Over the past 2 weeks, all of you have probably been beset with numerous emails from the various websites and online services with whom you regularly (or even infrequently) interact, notifying you that their terms of service/use or privacy policies have changed. Depending on how closely you may be paying attention to the ceaseless flood of data we call our inboxes these days, this might have struck you as rather odd. You might have also noticed a common set of letters sprinkled throughout these emails, “GDPR”, an unfamiliar anagram that seems to have an inordinate amount of influence over all of these companies, including ones we all assumed determined what exactly we could view as private or public. In this case, this particular bit of alphabet soup stands for “General Data Protection Regulation” and it is a new set of rules that govern how EU citizen data should be handled globally, starting May 25, 2018.
For the most part, the GDPR only governs data protection and privacy for EU an EEA citizens, and is designed to provide better protection and control of their personal data to those individuals, as well as unify the regulatory environment for international organizations that collect and use that data. Without diving into the gory details, the core intent of the GDPR is to require any organization that handles data generated by EU/EEA individuals to clearly disclose what, how and why data is being collected, how long it will be retained and if it is being shared with third-parties. These same users have a right to request a copy of the data collected, and in certain appropriate circumstances, request to have that data erased or removed.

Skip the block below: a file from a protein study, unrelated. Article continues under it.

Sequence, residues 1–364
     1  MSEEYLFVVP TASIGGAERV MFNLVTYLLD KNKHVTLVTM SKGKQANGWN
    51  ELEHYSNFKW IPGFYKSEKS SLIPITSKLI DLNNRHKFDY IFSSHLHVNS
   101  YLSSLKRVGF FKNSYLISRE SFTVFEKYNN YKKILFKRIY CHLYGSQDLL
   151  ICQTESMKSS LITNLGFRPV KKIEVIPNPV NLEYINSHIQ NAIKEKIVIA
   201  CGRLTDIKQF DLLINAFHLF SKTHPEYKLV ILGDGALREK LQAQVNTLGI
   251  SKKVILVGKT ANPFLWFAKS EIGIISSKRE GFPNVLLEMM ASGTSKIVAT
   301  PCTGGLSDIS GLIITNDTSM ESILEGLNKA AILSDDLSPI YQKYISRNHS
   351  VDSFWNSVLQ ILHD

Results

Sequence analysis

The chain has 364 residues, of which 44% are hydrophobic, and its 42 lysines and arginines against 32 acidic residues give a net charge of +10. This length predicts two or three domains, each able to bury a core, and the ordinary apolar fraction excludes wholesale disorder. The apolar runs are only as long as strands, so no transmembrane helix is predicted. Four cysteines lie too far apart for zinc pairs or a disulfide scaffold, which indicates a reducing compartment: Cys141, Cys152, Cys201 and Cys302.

What does this mean for Americans?
While you may think this should have zero impact on you as an American citizen, there are two things to consider. We all interact with businesses and organizations that operate globally. You could probably name 5 companies that have specifically changed their policies to comply with GDPR by scanning your inbox: Facebook, Google, Twitter, Instagram, and Microsoft are just a few of the ones in mine. The “side-effect” of these companies reshaping their operations to comply with GDPR means an improvement for users in terms of privacy and security for everyone, regardless of country. Though some companies may make changes to only their non-US operations and processes due to budgetary or resource constraints, it typically makes better long-term sense to streamline or consolidate operations around the most secure and compliant technologies. A rising tide of privacy protection raises all boats.
Image courtesy of Stuart Miles from FreeDigitalPhotos.net